Both Michelle and I have been called geeks before, a moniker we embrace. We like to recognize geeky-type days throughout the year, such as May the Fourth (be with you), Pi Day (3/14), and of course, 529 day (5/29).
Hopefully, you already know, 529 Savings Plans are a lot like Roth IRA's but are designed specifically as education savings vehicles. You contribute after-tax dollars to the account, those dollars are invested, and any earnings are tax-free so long as the money is used for qualified education expenses. You also can compare and shop between each state's 529 plan to pick the plan that fits you best. No matter which of the state 529 accounts you choose, you can use the money to cover qualified educations expenses throughout the country and even some schools overseas.
The end of 2019 brought changes to 529 plans that you may not be aware of. The SECURE Act, signed by Donald Trump in December of 2019, expanded the use of 529 money and, accordingly the strategies on how we can use the accounts. Florida also made changes to its program that makes the Florida 529 plan much more attractive, and with the changes, we believe the plan is now worth another look. Here’s what you should know.
SECURE Act Changes
529s have been addressed in the background of extensive legislation over the last few years. For us geeks, that’s exciting. First was the Tax Cuts and Jobs Act in 2018 (which allowed withdrawals of up to $10,000 a year from 529s to pay tuition for k-12 schools). The SECURE Act recently made two additional notable changes. First, 529 withdrawals can be used to repay up to a lifetime limit of $10,000 of qualified student loans. Second, you can also use the money towards the costs of apprenticeship programs.
Being permitted to use 529 withdrawals toward loans provides some financial planning opportunities related to taxes. This potential tax benefit does not apply to those of us here in Florida, but if you live elsewhere and have stumbled on this blog post, or if you have friends or family in a different state, this is potentially a way to save some money. Many states allow deductions on their state income tax for contributions into the state 529 plans. A number of those state 529 plans also allow for immediate withdrawals of money that is contributed. If you live in an area where this is available, you can contribute to that state’s 529 plan, take the state tax deduction, and immediately withdraw the money to make your loan payment, effectively reducing your state income taxes, while paying down your loan. Uncle Sam won’t allow you to double-dip by taking a tax-free withdrawal and also claiming the student loan interest deduction though, so the 529 strategy may not give you the best benefit. That said, the student loan interest deduction phases out as you earn more. You need to compare the tax benefits of flowing money through a 529 to make loan payments against paying with regular after-tax money and taking the student loan interest deduction to see what makes the most sense.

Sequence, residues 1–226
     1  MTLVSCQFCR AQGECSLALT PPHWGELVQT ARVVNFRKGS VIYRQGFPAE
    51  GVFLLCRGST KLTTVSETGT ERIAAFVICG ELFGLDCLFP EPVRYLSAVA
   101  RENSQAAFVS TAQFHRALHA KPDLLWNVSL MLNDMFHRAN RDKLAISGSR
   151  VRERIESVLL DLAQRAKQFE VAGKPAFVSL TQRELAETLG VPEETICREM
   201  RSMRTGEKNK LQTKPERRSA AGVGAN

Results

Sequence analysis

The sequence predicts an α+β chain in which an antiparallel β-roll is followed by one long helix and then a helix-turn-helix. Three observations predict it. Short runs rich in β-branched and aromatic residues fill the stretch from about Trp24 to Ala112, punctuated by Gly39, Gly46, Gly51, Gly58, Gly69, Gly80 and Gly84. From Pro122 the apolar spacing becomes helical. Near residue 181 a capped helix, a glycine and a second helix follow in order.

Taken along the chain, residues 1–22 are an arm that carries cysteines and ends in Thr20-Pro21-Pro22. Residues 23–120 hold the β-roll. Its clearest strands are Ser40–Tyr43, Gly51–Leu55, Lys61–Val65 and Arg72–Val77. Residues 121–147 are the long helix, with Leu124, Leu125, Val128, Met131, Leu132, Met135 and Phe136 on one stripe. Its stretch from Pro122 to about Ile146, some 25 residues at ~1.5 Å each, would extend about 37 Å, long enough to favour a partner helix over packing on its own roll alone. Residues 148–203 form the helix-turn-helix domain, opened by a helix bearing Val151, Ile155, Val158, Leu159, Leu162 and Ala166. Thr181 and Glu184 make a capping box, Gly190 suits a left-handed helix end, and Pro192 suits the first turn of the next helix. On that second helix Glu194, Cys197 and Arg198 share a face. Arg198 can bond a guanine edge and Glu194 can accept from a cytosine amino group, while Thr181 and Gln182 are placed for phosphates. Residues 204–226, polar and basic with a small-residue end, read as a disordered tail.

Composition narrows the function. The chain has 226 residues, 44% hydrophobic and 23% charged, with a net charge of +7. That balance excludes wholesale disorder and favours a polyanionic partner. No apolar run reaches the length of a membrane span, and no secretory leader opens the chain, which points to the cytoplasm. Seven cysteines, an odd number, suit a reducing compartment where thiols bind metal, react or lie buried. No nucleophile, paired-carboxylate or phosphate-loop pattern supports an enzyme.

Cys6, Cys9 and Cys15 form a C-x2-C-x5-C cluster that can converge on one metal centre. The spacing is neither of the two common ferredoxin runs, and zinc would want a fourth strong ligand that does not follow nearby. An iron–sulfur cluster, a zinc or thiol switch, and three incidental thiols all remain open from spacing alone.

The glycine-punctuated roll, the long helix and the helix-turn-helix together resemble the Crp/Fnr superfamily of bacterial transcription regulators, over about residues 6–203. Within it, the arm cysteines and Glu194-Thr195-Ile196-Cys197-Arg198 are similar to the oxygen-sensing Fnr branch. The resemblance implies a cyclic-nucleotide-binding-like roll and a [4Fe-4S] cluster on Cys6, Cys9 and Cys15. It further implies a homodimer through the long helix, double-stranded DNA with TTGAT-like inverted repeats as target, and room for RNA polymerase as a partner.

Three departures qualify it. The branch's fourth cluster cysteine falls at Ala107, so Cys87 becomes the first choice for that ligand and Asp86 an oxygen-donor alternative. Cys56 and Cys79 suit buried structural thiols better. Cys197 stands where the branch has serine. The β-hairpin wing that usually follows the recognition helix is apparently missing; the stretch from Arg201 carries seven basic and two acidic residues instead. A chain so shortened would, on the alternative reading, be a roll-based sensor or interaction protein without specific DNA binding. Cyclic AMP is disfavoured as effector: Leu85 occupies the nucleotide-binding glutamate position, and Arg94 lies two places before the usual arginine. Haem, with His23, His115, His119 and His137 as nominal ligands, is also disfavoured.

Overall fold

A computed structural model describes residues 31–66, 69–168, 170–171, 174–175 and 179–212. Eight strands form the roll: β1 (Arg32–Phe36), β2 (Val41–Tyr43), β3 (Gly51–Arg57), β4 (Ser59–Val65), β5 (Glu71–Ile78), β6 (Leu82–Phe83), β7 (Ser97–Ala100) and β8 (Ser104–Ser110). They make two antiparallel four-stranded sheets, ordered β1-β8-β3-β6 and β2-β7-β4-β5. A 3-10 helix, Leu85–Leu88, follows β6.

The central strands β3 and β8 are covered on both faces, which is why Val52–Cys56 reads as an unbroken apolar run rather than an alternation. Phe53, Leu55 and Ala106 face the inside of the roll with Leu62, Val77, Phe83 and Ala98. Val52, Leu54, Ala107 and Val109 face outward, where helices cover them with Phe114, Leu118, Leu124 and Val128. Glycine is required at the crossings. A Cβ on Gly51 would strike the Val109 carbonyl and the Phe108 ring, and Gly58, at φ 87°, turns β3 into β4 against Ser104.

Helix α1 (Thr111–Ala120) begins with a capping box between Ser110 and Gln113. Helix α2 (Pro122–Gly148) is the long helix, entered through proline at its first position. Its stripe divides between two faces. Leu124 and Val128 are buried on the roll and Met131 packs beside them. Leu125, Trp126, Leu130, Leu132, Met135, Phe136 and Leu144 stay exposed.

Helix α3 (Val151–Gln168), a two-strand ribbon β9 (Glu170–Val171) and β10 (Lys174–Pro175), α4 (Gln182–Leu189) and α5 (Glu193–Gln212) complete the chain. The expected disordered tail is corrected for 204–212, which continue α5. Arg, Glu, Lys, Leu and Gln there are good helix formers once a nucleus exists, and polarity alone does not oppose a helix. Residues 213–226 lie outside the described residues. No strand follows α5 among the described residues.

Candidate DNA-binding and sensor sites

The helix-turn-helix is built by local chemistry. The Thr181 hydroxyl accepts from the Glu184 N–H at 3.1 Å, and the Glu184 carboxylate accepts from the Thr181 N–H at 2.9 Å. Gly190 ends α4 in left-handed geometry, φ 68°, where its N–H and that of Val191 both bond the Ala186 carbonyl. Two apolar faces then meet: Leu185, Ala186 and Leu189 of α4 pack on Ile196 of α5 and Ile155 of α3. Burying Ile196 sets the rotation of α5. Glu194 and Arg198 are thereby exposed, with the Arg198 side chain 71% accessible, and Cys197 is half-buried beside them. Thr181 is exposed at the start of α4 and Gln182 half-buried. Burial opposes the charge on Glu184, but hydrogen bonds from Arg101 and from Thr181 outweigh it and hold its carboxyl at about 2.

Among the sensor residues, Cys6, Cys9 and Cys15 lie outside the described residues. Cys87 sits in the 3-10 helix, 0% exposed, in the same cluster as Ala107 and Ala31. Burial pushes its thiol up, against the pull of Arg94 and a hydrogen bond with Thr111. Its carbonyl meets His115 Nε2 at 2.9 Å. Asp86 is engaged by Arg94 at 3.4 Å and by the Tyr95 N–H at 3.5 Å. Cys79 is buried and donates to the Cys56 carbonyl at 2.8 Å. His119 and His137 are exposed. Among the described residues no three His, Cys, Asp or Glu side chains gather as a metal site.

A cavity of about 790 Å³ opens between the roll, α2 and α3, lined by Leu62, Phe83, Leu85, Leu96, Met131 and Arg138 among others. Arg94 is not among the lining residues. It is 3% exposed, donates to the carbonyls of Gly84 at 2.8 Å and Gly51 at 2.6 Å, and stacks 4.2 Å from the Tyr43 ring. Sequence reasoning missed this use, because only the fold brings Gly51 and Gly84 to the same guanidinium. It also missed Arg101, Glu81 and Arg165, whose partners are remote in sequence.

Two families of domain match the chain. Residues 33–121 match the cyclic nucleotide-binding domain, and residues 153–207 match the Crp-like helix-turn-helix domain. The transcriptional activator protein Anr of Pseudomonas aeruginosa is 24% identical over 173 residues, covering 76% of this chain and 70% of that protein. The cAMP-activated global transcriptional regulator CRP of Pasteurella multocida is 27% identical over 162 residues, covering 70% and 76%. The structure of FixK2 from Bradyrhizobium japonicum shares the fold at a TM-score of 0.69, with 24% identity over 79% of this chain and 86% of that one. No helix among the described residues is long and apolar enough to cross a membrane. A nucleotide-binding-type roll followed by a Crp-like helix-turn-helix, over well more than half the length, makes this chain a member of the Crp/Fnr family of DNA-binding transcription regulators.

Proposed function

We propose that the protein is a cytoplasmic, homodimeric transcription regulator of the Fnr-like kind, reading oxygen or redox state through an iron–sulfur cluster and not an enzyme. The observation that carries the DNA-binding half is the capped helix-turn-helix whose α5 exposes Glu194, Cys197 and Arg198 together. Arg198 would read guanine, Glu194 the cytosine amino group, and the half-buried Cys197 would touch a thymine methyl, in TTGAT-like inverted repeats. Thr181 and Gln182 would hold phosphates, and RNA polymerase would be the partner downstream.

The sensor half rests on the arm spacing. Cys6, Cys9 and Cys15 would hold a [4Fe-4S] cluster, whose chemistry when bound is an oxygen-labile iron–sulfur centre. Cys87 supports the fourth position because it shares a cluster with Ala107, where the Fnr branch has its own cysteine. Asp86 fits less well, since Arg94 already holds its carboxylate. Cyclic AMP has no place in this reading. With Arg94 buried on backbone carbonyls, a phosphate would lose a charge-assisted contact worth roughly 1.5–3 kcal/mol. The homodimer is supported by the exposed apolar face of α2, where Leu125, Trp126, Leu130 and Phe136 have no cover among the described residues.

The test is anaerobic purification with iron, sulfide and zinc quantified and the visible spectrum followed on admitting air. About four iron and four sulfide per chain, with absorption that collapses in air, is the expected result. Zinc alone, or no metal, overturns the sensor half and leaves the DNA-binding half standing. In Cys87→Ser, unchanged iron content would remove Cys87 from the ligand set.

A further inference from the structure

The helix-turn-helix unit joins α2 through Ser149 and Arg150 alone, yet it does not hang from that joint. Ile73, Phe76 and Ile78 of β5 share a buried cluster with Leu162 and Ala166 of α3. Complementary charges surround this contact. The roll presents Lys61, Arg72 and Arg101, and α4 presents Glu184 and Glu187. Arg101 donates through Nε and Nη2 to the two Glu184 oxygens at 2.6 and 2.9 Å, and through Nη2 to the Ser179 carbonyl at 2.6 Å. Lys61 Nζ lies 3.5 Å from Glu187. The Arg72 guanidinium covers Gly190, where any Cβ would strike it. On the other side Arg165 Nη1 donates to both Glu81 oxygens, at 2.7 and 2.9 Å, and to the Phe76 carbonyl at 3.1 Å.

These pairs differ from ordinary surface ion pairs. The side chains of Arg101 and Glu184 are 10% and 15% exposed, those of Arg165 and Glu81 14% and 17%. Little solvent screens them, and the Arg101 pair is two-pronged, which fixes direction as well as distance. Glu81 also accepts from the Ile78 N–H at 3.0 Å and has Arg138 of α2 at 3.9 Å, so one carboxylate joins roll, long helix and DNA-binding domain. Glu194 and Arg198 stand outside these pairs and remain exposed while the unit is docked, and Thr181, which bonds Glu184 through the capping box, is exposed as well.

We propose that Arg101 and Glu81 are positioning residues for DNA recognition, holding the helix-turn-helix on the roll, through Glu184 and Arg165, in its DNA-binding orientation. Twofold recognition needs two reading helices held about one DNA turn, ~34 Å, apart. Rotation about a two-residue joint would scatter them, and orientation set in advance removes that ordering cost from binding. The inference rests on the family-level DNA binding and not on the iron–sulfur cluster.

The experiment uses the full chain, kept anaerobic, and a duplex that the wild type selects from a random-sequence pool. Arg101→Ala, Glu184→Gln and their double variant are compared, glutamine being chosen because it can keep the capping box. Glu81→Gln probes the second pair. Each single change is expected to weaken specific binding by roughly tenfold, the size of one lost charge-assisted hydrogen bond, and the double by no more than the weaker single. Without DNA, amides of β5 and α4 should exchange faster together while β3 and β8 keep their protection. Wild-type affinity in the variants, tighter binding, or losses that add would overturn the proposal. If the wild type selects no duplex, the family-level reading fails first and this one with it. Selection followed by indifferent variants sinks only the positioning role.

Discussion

The other planning opportunity I see is in the situation where the grandparent owns the 529 plan for the child. As Clark Howard writes, a grandparent-owned 529 plan can actually hurt the student’s chances of receiving financial aid because of how the aid formula works. The student is only hurt when money is distributed out of the grandparent-owned 529 to the child. This opens the possibility of holding the funds in the 529 the whole time the child is in college and then repaying up to $10,000 of the loan tax-free once they graduate. This scenario would allow a tax-free distribution and would not negatively impact the student’s financial aid.
Florida’s 529 plan
If you asked Michelle or me what we thought about Florida’s 529 plan last year, we would have told you to look at a different plan, such as Utah’s my529 plan. Late last year Florida announced changes to its plan and in our opinion, the changes make it a more attractive option. They have expanded the investment options, including adding additional fund managers like Vanguard to the mix. You can choose from age-based portfolios, static risk-based portfolios, or create your own portfolio from a limited set of funds. The investment expenses on those options have gone way down, some by more than 70%. For example, the age-based portfolios and the static risk-based portfolios range in costs from 0.07% to 0.21%, which I think is low. Even better, Florida is not charging an administration cost in addition to the investment expense like is present in many other state plans. The bottom line is that anyone who is looking for a 529 account, should compare the different plans out there and pick the one that fits best. In the past Florida’s 529 probably didn’t deserve a second look for most. Today, it is much more competitive and could possibly be a great fit.
As a parent and financial advisor, you are saving for education is always a topic near and dear to my heart, not just on national 529 day. We would be happy to talk to you about your education savings goals and your personal situation should you have any questions. Give us a call at 904-374-9098 or shoot us an e-mail at email@example.com.
This material is provided as a courtesy and for educational purposes only. Please consult your investment professional, legal, or tax advisor for specific information pertaining to your situation.